'Mafia chief' says he is just a poor farmer

A MASSIVE security screen surrounded Salvatore 'Toto' Riina, alleged boss of all the bosses of the Sicilian Mafia, as he appeared in court yesterday for the first time since his capture in January. Riina declared that he was simply 'a poor farmer' and claimed 'I don't know what Cosa Nostra is'.

He had been flown by helicopter in great secrecy on Saturday from the relative security of a Rome prison to Palermo's Ucciardone jail - so notorious for its laxity and corruption that the press has dubbed it 'the Mafia's Grand Hotel'. Knowing that he could easily take charge of the Mafia again from his cell, or alternatively get poison in his coffee, the authorities had prepared him a special maximum-security cell.

His cage in the large dock in the prison's high-security 'bunker' courtroom used for big Mafia trials was surrounded by bullet- proof glass. When he was let out to be questioned for 50 minutes, he was flanked throughout by six carabinieri and two soldiers.

Armoured military and police vehicles guarded the entrances to the court. The prison has been sandbagged, guarded and patrolled since last year, when the government began to take the Mafia threat seriously.

The authorities had been reluctant to move Riina to the Ucciardone, especially since several pentiti, or supergrasses, had described how Mafia bosses ran their clans and ordered murders with ease from the prison, where the could do virtually what they liked. Other bosses, killers, even people wanted by the police, could come and go at will, they said.

The Mafia had 'bought' some of the staff. 'It wasn't a question of money,' said Gaspare Mutolo, a one-time aide of Riina's. 'Sometimes an expensive gift, a gold watch, was enough.' Bosses would wear expensive silk pyjamas and celebrate important events with caviare and champagne. Magistrates are now investigating.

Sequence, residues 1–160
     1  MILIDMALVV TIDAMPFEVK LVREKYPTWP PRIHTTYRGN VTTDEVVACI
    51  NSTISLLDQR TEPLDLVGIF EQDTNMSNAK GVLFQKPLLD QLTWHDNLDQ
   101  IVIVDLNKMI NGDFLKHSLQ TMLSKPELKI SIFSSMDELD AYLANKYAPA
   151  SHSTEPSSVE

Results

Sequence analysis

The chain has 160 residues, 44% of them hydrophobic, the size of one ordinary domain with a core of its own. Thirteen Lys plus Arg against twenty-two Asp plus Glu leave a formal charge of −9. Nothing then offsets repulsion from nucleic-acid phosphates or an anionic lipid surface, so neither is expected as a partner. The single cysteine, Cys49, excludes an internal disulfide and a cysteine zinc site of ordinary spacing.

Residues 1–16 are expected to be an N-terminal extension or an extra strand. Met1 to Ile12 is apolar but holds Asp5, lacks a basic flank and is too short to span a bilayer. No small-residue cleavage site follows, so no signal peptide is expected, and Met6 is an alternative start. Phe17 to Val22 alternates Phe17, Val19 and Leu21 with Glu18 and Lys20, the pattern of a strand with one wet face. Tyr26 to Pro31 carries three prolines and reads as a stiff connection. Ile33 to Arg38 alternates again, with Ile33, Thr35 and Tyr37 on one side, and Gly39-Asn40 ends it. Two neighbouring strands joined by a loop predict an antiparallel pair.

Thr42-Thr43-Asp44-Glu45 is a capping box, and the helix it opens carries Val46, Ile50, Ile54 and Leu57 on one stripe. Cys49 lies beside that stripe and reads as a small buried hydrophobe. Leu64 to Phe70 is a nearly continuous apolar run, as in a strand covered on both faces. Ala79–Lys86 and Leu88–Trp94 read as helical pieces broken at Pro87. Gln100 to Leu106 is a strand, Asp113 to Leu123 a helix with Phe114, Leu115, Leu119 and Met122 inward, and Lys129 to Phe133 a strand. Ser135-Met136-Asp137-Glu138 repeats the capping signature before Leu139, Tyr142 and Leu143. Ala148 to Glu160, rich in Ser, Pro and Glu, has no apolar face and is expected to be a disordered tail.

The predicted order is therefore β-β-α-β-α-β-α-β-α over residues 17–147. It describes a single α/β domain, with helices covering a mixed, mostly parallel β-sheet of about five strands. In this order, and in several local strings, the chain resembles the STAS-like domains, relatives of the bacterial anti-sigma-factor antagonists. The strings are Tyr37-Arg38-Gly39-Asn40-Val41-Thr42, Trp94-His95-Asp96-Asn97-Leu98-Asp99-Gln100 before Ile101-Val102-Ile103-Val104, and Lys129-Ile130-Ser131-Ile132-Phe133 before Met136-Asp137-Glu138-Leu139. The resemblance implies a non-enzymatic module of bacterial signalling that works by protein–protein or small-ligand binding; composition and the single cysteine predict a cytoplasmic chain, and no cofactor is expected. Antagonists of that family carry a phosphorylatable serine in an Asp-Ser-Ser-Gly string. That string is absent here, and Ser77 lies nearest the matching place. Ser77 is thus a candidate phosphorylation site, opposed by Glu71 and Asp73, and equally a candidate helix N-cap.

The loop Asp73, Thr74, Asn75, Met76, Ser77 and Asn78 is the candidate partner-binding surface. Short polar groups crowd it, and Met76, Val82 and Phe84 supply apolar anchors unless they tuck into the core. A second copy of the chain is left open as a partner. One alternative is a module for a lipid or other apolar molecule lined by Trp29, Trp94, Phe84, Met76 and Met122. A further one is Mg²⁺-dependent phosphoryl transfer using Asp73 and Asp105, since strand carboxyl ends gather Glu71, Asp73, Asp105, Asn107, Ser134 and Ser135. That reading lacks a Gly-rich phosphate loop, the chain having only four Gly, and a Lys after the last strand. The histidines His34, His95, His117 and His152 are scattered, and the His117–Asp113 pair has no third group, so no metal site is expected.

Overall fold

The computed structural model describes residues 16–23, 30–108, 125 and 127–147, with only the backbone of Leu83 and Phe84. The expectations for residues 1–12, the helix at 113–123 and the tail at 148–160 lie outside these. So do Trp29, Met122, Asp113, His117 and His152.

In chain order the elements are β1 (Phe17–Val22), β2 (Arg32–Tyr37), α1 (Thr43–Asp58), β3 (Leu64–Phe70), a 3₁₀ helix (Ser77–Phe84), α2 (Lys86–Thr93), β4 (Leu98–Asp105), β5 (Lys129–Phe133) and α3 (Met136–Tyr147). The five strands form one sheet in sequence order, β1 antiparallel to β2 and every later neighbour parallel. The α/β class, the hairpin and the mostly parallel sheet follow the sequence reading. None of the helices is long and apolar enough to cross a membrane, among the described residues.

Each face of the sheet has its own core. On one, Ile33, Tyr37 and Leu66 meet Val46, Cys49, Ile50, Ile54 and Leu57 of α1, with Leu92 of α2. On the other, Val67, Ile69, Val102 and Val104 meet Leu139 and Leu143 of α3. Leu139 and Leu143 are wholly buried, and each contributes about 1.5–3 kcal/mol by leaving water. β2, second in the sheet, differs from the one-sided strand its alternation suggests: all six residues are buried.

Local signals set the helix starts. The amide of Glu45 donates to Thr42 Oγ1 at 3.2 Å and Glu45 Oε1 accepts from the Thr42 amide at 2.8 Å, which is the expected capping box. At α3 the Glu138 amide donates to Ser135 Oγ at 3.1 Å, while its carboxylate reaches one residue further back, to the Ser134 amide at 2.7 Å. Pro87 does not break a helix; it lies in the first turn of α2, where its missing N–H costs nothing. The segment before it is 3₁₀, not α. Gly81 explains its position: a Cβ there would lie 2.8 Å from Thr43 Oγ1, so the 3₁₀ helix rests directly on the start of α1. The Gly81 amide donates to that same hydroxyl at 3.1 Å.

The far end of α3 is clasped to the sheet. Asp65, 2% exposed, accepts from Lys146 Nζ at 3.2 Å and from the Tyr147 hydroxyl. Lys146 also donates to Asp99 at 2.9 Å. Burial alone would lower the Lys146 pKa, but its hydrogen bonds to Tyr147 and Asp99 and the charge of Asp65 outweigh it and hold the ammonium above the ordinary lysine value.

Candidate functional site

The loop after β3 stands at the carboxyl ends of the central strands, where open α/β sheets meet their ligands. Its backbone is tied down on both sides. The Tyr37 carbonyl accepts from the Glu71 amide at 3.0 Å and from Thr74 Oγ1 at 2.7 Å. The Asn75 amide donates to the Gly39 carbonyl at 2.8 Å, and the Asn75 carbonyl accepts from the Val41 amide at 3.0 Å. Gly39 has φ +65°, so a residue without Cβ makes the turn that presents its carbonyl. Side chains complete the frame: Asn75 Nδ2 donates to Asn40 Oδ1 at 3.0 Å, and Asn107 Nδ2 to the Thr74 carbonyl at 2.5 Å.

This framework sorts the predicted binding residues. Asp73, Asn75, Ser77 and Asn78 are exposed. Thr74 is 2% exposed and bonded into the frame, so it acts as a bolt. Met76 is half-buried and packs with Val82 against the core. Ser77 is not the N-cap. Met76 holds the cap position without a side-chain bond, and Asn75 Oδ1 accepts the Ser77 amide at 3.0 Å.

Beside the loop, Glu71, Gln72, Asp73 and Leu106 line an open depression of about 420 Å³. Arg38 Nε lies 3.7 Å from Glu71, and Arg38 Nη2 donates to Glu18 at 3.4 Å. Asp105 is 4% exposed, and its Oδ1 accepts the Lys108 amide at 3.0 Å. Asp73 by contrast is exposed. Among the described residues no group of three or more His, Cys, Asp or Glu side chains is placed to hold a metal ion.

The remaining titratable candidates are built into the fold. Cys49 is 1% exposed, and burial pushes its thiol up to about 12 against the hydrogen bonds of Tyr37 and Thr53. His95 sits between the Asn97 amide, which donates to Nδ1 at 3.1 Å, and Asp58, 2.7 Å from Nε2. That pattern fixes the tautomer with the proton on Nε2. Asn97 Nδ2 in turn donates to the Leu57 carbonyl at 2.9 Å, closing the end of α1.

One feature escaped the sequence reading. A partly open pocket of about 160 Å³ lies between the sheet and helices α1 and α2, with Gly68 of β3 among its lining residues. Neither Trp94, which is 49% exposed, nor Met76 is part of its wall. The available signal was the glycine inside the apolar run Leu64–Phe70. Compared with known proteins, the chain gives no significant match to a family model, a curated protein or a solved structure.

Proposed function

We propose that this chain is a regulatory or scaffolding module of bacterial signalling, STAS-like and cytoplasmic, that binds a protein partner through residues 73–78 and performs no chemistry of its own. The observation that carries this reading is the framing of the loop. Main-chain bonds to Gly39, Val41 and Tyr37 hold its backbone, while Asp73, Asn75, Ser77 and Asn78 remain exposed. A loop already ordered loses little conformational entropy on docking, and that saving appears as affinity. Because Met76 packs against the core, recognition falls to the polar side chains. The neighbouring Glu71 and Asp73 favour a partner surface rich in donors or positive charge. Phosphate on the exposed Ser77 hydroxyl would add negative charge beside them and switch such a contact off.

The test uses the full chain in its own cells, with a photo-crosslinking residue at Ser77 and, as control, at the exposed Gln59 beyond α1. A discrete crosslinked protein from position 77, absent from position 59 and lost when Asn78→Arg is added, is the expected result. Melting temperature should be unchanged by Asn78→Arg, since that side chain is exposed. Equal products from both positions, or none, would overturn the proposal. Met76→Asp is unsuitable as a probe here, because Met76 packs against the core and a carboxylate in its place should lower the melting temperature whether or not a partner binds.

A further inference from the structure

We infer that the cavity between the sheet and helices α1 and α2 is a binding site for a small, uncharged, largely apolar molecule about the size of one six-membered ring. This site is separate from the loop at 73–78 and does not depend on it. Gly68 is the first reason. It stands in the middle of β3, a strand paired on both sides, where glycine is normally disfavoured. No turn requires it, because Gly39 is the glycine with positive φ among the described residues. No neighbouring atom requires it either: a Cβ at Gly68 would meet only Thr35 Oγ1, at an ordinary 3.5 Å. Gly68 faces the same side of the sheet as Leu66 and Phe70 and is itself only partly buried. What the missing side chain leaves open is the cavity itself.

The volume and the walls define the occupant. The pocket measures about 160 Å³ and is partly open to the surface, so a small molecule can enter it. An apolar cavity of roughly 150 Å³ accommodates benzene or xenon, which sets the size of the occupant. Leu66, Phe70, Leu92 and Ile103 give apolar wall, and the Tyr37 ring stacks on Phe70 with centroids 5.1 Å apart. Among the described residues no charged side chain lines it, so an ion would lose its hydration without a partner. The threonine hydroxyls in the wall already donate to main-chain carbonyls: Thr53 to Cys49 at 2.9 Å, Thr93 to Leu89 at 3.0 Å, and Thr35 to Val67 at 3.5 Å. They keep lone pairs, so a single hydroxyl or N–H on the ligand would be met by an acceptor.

Riina, who wore the green cashmere jacket, open-necked shirt and flannel trousers he was arrested in, not only did not know what Cosa Nostra (another term for the Mafia) was, he claimed he did not know his fellow-accused in the dock. They are allegedly half the Mafia's 'cupola' or government with whom he had allegedly plotted the assassinations of a President of Sicily, Piersanti Mattarella, and two other politicians.

He also claimed not to know most of the pentiti who had described him as 'La Belva', the wild animal, who ruthlessly ordered hundreds of murders, including the magistrates, Giovanni Falcone and Paolo Borsellino; nor did he know Baldassare di Maggio, his former driver, who had betrayed him and caused his arrest.

The 23 years he was a wanted man were spent, not running the Mafia and its vast drug and arms- smuggling operations, but working on building sites for pounds 136 a week, he claimed.

'All these years no one looked for me, no one stopped me, no one said anything to me.' He was not the person they thought he was at all. 'I am a poor illiterate . . . just a poor farmer . . . all home, work, family and church, as they say in our parts.'

It was the classical Mafioso's defence: deny everything.